We have learned how to compose expressions by combining numbers, text, and various kinds of operators.
We can now be more technical in our definition of how these expressions work.
When we type literal numbers like
23, Ruby understands them
because these characters on your keyboard are classified by Ruby
as numbers. On the other hand, when you use quotation marks to surround a word
"Hello", Ruby classifies that as a piece of text.
In truth, there are dozens of classifications that have been defined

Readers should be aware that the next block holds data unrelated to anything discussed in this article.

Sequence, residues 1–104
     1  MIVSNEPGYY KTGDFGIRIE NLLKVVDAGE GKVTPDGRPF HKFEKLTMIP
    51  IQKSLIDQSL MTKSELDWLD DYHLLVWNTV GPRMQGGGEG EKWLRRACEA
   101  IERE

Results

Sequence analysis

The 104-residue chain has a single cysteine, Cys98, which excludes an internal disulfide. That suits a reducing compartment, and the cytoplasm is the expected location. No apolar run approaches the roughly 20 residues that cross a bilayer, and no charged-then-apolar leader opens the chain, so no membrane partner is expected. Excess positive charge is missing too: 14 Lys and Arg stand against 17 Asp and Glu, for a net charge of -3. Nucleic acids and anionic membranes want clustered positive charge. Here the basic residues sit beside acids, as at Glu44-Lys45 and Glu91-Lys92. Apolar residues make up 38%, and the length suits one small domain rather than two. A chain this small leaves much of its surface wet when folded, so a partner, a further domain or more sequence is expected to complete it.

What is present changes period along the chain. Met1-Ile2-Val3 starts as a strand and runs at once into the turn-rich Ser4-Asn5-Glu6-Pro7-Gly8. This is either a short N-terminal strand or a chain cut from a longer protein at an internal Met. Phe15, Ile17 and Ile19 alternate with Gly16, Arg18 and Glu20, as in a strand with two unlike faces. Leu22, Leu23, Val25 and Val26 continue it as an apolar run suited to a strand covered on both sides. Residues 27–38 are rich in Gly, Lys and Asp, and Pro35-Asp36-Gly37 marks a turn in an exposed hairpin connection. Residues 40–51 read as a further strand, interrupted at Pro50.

for us. We can discover how something has been classified
by using the
Depending on your version of Ruby, you might see
Numeric, but they mean the same thing.
irb(main)> 7.class => Numeric irb(main)> "Hello".class => String irb(main)> fruit = "apple" irb(main)> fruit.class => String
String class is the technical classification for what we call text.
For the remainder of this book, we will use the term string and
Here's a sneak preview of what's coming up in section 2. An Array can keep track of a list of things. We use square brackets to denote an Array, and we use commas to separate each value:
irb(main)> fruits = ["apple", "banana", "cookies"] => ["apple", "banana", "cookies"] irb(main)> fruits.class => Array